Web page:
The thermal ecology of prairie stream fishes



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Earth’s atmosphere has warmed by approximately 1°C over the past century and continues to warm at an increasing rate. The effects of atmospheric warming are already visible in most major ecosystems and are evident across all levels of biological organization. Understanding how organisms respond to spatial and temporal variation in temperature, as well as linking their functional responses to temperature, are critical steps toward predicting the responses of populations and communities to global climate change. The southern redbelly dace (Chrosomus erythrogaster) and the central stoneroller (Campostoma anomalum) are two common minnows (Cyprinidae) that occur in the Flint Hills region of the United States. These species fill similar ecological roles in streams where they co-occur but differ in their overall pattern of occurrence, with dace largely occupying cooler headwater reaches and stonerollers persisting in both headwaters and warmer intermediate-sized streams. Differences in the fundamental thermal niche of these species could underlie the observed differences in their realized thermal niches along a stream-size gradient of temperature. To better understand how temperature drives patterns of occurrence in functionally similar species of fish, I evaluated the thermal ecology of these two minnow species. First, I tested for interspecific differences in physiological functional traits along an ecologically realistic temperature gradient. The critical thermal maximum of the stoneroller was higher than dace at warm acclimation temperatures, indicating a greater capacity to buffer thermal stress. Additionally, temperature drove differences in activity levels between species; dace were more active when temperatures were warm, though behavioral differences between the benthic stoneroller and column-dwelling dace could also influence activity. Second, I tested whether acclimation to a diurnal temperature cycle affected the energy metabolism of dace and stoneroller compared to constant acclimation conditions. Dace acclimated to a diurnal thermal regime exhibited higher maximum metabolic rates, and subsequently higher aerobic scope, when exposed to temperatures above mean conditions. This indicates that diurnal variation in temperature is an important contributor to this species’ ability to maintain energy metabolism when exposed to above-average temperature. Third, I leveraged long-term fish community and environmental data to examine responses in body size, abundance, and growth to inter-annual variation in temperature and flow in two cohorts of dace and stoneroller. I found that the average body size of dace in November decreased during years when stream flows were reduced during the spring and summer, while the average body size of stonerollers increased during years with lower spring flows and stable flow persisting through the summer. The abundances of both species in November was not influenced by inter-annual variation in flow or temperature. Finally, while growth of dace between August and November was not influenced by inter-annual variation in flow or temperature, stonerollers grew less during years were flows were reduced during the spring and summer. Collectively, these studies demonstrate both the importance of using long-term data to infer patterns along environmental gradients and highlight how functional responses to temperature can inform patterns of occurrence along thermal gradients.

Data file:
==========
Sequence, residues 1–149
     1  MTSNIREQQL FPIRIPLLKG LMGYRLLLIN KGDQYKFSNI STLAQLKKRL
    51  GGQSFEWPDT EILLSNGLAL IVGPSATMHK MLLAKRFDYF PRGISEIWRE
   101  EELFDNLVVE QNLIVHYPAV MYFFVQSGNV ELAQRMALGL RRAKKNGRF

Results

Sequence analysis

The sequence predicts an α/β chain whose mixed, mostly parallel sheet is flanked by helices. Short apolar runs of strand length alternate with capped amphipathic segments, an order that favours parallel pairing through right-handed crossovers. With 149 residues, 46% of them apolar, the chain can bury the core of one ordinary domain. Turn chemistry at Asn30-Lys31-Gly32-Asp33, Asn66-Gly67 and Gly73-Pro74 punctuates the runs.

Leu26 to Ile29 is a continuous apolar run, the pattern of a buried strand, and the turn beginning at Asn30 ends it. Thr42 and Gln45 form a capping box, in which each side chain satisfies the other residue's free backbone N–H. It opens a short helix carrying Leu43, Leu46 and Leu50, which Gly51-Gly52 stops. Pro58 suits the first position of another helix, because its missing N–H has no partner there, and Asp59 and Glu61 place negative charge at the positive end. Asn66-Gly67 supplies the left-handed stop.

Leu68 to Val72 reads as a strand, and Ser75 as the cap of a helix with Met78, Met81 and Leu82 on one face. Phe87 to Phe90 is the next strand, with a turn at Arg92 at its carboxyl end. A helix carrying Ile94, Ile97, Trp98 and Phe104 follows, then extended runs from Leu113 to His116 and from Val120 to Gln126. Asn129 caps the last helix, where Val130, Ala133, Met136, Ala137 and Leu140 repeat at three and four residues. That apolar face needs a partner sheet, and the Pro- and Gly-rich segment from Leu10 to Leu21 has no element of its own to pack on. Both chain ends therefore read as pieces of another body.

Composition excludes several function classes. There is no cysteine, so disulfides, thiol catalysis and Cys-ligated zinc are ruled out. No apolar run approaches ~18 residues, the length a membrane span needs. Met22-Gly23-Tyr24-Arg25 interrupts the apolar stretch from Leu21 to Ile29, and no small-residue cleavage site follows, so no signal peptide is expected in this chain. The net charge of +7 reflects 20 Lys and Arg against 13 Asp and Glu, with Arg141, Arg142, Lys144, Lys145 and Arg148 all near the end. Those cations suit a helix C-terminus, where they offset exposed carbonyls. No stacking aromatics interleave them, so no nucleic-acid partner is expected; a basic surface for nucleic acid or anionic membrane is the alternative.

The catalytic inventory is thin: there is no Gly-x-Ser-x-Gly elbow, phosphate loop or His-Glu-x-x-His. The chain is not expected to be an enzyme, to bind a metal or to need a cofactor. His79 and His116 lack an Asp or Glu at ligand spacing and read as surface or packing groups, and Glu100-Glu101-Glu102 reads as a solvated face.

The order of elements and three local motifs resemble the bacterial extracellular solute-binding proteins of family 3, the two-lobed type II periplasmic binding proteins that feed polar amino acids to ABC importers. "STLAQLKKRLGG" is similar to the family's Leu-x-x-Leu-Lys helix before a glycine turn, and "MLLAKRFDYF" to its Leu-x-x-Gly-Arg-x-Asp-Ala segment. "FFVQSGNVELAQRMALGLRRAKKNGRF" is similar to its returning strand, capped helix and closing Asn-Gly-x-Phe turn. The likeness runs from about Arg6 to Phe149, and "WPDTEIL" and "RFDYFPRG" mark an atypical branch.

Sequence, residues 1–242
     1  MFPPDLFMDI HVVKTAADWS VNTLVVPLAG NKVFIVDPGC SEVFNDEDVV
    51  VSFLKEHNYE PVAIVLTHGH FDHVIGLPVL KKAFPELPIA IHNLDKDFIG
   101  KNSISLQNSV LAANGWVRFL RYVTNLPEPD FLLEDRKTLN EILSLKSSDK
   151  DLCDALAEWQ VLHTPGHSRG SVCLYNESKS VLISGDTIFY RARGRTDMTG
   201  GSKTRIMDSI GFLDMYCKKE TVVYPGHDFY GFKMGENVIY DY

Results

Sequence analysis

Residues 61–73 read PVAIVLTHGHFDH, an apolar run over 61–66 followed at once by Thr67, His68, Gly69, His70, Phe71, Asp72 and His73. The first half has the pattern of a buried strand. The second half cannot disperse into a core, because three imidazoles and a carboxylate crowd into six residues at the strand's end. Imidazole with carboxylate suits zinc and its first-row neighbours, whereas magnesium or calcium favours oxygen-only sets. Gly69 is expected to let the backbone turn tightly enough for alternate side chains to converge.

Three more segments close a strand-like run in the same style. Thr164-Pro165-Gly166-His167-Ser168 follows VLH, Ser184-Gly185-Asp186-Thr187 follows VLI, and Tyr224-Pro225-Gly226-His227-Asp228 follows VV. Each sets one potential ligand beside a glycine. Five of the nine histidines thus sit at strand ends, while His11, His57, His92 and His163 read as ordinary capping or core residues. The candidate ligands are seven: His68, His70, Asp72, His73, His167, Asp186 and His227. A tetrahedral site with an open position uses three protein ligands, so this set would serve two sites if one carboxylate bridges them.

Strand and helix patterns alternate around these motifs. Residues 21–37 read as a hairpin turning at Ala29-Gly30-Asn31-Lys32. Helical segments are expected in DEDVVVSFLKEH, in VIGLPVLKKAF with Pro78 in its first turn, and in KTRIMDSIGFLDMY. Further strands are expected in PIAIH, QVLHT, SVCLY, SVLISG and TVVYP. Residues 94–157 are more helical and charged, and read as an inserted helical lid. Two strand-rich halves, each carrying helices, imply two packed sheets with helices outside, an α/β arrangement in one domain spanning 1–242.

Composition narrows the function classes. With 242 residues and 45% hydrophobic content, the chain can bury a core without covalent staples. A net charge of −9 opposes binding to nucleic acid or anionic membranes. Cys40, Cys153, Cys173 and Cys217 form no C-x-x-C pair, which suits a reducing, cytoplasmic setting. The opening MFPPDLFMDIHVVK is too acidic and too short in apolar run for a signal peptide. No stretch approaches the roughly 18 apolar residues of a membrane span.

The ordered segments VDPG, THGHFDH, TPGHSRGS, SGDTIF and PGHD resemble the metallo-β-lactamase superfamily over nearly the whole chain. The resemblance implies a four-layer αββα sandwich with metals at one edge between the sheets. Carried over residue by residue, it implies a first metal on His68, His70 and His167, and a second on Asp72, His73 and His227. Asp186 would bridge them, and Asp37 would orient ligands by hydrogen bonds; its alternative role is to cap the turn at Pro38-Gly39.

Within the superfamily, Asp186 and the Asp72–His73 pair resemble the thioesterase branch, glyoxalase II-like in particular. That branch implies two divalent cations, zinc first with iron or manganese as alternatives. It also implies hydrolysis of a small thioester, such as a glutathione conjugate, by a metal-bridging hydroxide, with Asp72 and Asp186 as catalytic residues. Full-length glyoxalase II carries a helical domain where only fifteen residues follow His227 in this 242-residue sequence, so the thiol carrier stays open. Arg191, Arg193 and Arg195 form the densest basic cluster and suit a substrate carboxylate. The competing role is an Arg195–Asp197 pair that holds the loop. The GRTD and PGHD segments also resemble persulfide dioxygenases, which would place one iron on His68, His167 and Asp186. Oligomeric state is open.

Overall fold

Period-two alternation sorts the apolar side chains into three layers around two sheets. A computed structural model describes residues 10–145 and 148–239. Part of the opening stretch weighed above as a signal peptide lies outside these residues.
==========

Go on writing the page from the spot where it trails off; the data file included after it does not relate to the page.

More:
Fish, Ecology, Temperature, Konza

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Doctor of Philosophy


Division of Biology

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Keith B. Gido; Michael Tobler